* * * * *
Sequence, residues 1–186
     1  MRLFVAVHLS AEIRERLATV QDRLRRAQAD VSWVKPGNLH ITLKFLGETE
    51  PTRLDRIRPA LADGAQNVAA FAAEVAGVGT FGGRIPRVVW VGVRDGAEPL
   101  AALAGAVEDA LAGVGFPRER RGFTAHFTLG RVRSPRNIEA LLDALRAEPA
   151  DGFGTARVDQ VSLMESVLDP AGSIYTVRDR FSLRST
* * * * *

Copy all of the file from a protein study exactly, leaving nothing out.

Sequence, residues 1–186
     1  MRLFVAVHLS AEIRERLATV QDRLRRAQAD VSWVKPGNLH ITLKFLGETE
    51  PTRLDRIRPA LADGAQNVAA FAAEVAGVGT FGGRIPRVVW VGVRDGAEPL
   101  AALAGAVEDA LAGVGFPRER RGFTAHFTLG RVRSPRNIEA LLDALRAEPA
   151  DGFGTARVDQ VSLMESVLDP AGSIYTVRDR FSLRST